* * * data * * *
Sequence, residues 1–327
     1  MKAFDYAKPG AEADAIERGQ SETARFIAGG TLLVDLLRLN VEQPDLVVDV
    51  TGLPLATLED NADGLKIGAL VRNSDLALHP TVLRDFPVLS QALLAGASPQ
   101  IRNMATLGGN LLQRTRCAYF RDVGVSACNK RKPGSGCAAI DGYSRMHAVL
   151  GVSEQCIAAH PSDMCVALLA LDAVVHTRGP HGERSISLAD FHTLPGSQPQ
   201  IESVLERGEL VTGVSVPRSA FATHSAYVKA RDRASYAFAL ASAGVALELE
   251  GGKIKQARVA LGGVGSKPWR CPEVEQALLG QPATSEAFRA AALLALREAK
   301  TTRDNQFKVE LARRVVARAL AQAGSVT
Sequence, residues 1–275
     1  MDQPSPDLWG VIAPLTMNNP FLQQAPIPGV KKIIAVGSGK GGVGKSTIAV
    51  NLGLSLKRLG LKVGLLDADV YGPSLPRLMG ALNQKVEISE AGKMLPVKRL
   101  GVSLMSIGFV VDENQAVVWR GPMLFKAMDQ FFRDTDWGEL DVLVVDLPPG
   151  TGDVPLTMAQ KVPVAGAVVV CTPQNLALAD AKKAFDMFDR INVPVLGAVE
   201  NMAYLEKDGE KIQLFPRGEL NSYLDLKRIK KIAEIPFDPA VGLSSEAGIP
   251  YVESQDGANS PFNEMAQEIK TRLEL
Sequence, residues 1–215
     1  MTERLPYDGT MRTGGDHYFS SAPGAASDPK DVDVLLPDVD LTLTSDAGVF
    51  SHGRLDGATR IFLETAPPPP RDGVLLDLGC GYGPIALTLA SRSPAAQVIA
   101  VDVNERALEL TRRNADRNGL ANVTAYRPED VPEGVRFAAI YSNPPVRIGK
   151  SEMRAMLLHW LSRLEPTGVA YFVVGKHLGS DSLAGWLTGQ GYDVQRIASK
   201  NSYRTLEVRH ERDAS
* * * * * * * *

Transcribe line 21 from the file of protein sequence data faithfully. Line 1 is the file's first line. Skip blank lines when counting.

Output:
   201  NSYRTLEVRH ERDAS